Use PulseAudio with Jack Audio Connection Kit?

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Use PulseAudio with Jack Audio Connection Kit?

Ubuntu Studio 14.04 uses Pulseaudio -> Alsa -> Jack as the connection interface for audio devices.  Pulseaudio is a very simple interface, and with it most audio cards just “show up” and play with Jack as the pulseaudio-sink and pulseaudio-source devices on the Jack patchbay.

In the olden days (Ubuntu Studio 10.04 and before) Pulseaudio was  buggy and not worth the effort to deal with the bugs.  Pulseaudio is now much more mature, and for a single sound card machine makes it much more likely that you will have Jack working right away.  If you are using Debian or regular Ubuntu, you will need a Pulseaudio plugin to hook it up with Jack.  I have not used the plugin as it is all nicely done in Ubuntu Studio.

Alsa is perfectly capable of connecting sound cards to Jack, with infinitely more flexibility, and (unfortunately) with more complexity.  Remember to turn the volume controls up in alsamixer!

There still remain some reasons to dump Pulseaudio:

  • Pulseaudio works best with a single sound card – if you have an in-computer card and a USB card and want to use both, Pulseaudio is complicated at least and may not let you use the second card. (I have not been successful, but I didn’t try very hard)
  • Pulseaudio devices want to hook up to stuff in the patchbay, and I have not figured how to keep them from automatically doing so.
  • Pulseaudio adds latency to the audio chain.  If you are just recording and playing back stuff and “real time” audio is not important, this might be insignificant.
  • Pulseaudio and Rivendell get in the way of each other.  Rivendell wants to have multiple audio inputs and multiple outputs, and that can be a problem with Pulseaudio if they are on different cards.
  • Pulseaudio devices Pulseaudio-sink and Pulseaudio-source hide the names of the actual sound devices, so they can be confusing when patching.
  • Pulseaudio hides and plays with some sound card settings in Alsa, so special configurations might just get reset to the defaults at next boot.

The reasons to keep Pulseaudio:

  • Alsa can be tricky to get all your audio devices working right unless you are happy to use the command line.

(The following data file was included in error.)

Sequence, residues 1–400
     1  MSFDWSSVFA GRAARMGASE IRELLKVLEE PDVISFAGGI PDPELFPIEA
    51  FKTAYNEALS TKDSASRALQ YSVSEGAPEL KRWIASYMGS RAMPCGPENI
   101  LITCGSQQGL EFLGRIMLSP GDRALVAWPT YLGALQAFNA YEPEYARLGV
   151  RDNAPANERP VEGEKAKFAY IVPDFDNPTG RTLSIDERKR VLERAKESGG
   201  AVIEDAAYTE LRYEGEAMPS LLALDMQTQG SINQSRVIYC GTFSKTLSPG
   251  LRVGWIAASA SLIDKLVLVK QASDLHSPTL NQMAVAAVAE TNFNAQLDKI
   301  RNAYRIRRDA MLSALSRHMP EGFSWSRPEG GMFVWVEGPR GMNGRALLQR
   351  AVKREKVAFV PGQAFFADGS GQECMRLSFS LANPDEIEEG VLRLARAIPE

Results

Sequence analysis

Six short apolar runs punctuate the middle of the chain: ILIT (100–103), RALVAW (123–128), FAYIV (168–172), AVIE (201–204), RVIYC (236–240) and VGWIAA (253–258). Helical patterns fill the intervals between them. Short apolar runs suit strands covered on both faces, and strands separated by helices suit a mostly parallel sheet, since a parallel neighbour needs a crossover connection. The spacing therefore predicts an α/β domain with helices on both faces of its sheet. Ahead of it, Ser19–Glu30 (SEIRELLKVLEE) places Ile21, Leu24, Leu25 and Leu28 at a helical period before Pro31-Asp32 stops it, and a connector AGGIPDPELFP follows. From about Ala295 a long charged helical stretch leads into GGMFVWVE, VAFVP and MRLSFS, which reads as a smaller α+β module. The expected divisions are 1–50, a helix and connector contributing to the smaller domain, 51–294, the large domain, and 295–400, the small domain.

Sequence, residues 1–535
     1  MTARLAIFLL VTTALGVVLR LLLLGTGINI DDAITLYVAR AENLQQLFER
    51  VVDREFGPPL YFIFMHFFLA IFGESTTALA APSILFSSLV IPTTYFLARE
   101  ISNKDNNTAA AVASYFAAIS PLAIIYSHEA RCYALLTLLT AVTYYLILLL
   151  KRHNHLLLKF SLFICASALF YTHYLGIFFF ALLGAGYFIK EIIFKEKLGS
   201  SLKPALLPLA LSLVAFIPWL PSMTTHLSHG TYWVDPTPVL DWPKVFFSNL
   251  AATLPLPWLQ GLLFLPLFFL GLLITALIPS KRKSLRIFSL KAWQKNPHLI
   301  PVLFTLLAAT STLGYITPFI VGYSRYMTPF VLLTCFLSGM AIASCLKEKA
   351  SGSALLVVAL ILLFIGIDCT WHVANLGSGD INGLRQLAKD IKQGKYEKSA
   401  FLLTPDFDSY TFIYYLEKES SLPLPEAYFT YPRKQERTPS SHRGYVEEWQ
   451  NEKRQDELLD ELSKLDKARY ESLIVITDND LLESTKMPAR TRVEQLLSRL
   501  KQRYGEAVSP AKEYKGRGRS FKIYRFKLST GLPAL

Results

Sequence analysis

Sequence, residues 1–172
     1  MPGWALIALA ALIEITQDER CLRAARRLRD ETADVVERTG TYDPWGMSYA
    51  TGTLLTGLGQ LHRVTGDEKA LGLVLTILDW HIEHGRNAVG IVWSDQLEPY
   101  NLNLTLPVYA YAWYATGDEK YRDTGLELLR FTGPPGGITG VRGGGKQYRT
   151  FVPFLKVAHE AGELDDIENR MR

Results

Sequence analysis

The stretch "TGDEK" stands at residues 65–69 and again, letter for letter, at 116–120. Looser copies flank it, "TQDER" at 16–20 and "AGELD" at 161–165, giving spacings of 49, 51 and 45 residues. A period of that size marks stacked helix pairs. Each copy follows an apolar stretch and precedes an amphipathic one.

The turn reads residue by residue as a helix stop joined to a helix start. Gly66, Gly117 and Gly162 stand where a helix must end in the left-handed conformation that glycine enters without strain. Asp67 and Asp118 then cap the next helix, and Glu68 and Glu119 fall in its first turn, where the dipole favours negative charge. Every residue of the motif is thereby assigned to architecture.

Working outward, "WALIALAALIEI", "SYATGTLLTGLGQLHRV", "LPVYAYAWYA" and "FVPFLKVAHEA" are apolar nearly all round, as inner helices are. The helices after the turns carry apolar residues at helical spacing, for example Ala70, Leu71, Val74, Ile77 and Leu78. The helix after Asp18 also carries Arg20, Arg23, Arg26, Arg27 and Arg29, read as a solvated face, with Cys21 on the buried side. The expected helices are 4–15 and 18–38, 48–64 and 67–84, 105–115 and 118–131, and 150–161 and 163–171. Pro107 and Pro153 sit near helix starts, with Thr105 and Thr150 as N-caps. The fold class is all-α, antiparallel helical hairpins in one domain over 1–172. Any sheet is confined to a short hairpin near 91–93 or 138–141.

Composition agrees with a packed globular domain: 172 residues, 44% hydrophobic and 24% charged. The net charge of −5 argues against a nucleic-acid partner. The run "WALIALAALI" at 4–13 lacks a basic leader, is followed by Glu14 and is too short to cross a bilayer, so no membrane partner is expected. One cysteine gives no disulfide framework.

• Ubuntu Studio comes with Pulseaudio installed and working, and dumping it can cause your installation to stop working until you figure out what Alsa settings for your sound card are undone.
  • There are some tricks to getting Pulseaudio to uninstall or to disable it. (It keeps coming back)
  • Pulseaudio now keeps a simple setup simple (except for those crazy patchbay devices)

Assuming you want to remove Pulseaudio, here is what you do:

From hecticgeek.com:

1. First let’s remove PulseAudio from your Ubuntu OS. I don’t remember since when Ubuntu used to come installed it by default, but for the recent versions such as: 12.04 Precise Pangolin, 11.10 Oneiric Ocelot, 11.04 Natty Narwhal, 10.10 and 10.04 the below command should remove it.

sudo apt-get -y autoremove pulseaudio

2. Now do a reboot since PulseAudio daemon (system service) is also running from the background. So it’s better to let the OS update everything.

3. You need the package alsa-tools, but that is already installed in Ubuntu-Studio, but not in regular Ubuntu.

4.  The script I will be publishing later will do this all automagically.

If you just want to just disable PulseAudio, you can edit the config file

1.   Copy /etc/pulseaudio/client.conf for a backup

sudo cp /etc/pulseaudio/client.conf /etc/pulseaudio/client.conf.orig

2.  Modify /etc/pulse/client.conf  the line   ; autospawn = yes to autospawn=np

sudo sed  s/; autospawn = yes/autospawn = no/ /etc/pulseaudio/client.conf

3.  Reboot or kill the pulseaudio job.


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